5. Innovative Energy Efficient Industrial Ventilation

    E-Print Network [OSTI]

    Litomisky, A.

    2005-01-01

    This paper was written to describe an innovative on-demand industrial ventilation system for woodworking, metalworking, food processing, pharmaceutical, chemical, and other industries. Having analyzed existing industrial ventilation in 130...

  6. Natural ventilation generates building form

    E-Print Network [OSTI]

    Chen, Shaw-Bing

    1996-01-01

    Natural ventilation is an efficient design strategy for thermal comfort in hot and humid climates. The building forms can generate different pressures and temperatures to induce natural ventilation. This thesis develops a ...

  7. RESIDENTIAL VENTILATION AND ENERGY CHARACTERISTICS*

    E-Print Network [OSTI]

    best available data, the energy liability as- sociated with providing the current levels of ventilationRESIDENTIAL VENTILATION AND ENERGY CHARACTERISTICS* Max Sherman Nance Matson Energy Performance of Buildings Group Energy and Environment Division Lawrence Berkeley Laboratory University of California

  8. Modeling particle loss in ventilation ducts

    SciTech Connect (OSTI)

    Sippola, Mark R.; Nazaroff, William W.

    2003-04-01

    Empirical equations were developed and applied to predict losses of 0.01-100 {micro}m airborne particles making a single pass through 120 different ventilation duct runs typical of those found in mid-sized office buildings. For all duct runs, losses were negligible for submicron particles and nearly complete for particles larger than 50 {micro}m. The 50th percentile cut-point diameters were 15 {micro}m in supply runs and 25 {micro}m in return runs. Losses in supply duct runs were higher than in return duct runs, mostly because internal insulation was present in portions of supply duct runs, but absent from return duct runs. Single-pass equations for particle loss in duct runs were combined with models for predicting ventilation system filtration efficiency and particle deposition to indoor surfaces to evaluate the fates of particles of indoor and outdoor origin in an archetypal mechanically ventilated building. Results suggest that duct losses are a minor influence for determining indoor concentrations for most particle sizes. Losses in ducts were of a comparable magnitude to indoor surface losses for most particle sizes. For outdoor air drawn into an unfiltered ventilation system, most particles smaller than 1 {micro}m are exhausted from the building. Large particles deposit within the building, mostly in supply ducts or on indoor surfaces. When filters are present, most particles are either filtered or exhausted. The fates of particles generated indoors follow similar trends as outdoor particles drawn into the building.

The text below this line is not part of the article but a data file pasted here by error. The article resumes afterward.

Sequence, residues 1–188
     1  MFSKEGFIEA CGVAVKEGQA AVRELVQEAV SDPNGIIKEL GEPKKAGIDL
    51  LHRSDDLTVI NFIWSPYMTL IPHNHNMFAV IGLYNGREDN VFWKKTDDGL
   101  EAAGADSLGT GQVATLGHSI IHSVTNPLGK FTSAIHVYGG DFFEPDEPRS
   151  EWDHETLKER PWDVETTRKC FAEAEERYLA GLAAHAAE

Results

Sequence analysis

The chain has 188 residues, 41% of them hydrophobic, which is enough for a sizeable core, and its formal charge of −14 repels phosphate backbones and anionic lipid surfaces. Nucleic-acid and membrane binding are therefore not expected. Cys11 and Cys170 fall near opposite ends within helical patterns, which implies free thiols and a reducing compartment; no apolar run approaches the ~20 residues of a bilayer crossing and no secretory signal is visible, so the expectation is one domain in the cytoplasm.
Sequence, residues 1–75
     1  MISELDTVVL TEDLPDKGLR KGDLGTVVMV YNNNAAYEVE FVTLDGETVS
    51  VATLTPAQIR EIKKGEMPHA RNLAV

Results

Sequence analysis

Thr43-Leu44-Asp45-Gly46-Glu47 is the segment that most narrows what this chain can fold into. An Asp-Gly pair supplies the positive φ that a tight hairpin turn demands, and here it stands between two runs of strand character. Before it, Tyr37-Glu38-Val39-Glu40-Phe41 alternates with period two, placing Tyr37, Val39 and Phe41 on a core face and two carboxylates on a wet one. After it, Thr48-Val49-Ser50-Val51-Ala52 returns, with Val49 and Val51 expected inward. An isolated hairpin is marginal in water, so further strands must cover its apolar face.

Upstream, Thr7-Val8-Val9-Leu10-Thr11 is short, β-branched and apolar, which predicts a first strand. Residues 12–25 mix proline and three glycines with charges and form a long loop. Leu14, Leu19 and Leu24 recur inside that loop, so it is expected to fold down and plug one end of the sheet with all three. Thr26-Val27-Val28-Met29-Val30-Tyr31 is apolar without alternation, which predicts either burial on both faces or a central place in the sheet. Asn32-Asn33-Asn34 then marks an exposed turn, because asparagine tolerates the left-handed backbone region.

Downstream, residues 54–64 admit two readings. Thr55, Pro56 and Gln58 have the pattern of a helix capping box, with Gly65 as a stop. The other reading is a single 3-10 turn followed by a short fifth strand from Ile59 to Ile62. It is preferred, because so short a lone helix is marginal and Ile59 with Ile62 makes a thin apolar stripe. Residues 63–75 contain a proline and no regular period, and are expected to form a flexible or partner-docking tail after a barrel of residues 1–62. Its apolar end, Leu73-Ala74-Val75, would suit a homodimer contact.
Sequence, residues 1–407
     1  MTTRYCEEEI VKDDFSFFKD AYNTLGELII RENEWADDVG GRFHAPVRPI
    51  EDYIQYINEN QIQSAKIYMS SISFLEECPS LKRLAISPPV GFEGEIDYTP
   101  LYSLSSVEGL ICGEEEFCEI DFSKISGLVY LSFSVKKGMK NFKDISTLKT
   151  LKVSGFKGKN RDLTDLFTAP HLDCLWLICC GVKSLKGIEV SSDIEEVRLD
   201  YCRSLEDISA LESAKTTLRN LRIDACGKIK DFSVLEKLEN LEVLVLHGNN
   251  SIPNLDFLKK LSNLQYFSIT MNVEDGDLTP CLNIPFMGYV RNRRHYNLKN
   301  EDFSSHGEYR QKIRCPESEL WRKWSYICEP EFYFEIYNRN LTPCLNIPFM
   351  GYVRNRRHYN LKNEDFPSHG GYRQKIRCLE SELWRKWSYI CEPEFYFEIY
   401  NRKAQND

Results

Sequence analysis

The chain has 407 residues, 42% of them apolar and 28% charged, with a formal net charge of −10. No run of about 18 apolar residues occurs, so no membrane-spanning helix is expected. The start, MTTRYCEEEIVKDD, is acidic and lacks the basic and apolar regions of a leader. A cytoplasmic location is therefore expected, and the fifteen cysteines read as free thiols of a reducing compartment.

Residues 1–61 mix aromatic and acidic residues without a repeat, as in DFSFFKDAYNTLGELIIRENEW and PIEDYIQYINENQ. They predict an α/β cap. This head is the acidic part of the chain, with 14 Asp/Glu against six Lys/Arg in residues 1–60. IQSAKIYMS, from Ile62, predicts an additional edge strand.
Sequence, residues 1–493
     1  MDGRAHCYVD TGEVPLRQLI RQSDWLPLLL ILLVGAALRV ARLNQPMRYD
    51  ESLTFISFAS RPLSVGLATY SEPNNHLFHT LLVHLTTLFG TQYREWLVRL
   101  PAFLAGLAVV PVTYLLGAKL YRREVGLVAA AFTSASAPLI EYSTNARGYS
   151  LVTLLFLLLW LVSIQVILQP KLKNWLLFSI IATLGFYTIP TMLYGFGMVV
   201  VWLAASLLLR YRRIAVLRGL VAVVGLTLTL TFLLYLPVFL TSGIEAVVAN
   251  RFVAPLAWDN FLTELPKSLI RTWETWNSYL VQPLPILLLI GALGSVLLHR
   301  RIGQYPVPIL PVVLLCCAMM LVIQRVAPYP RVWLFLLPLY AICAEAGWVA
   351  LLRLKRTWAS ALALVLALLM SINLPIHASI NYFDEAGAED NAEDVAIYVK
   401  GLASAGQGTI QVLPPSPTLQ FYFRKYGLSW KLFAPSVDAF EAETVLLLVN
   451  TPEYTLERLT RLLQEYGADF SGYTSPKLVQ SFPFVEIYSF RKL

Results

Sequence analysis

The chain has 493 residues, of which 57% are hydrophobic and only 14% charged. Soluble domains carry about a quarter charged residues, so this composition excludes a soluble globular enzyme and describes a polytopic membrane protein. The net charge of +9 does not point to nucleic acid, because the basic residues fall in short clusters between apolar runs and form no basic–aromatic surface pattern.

9. Modeling Improvements for Air Source Heat Pumps using Different Expansion Devices at Varied Charge Levels Part II

    SciTech Connect (OSTI)

    Shen, Bo [ORNL

    2011-01-01

    This paper describes steady-state performance simulations performed on a 3-ton R-22 split heat pump in heating mode. In total, 150 steady-state points were simulated, which covers refrigerant charge levels from 70 % to 130% relative to the nominal value, the outdoor temperatures at 17 F (-8.3 C), 35 F (1.7 C) and 47 F (8.3 C), indoor air flow rates from 60% to 150% of the rated air flow rate, and two types of expansion devices (fixed orifice and thermostatic expansion valve). A charge tuning method, which is to calibrate the charge inventory model based on measurements at two operation conditions, was applied and shown to improve the system simulation accuracy significantly in an extensive range of charge levels. In addition, we discuss the effects of suction line accumulator in modeling a heat pump system using either a fixed orifice or thermal expansion valve. Last, we identify the issue of refrigerant mass flow mal-distribution at low charge levels and propose an improved modeling approach.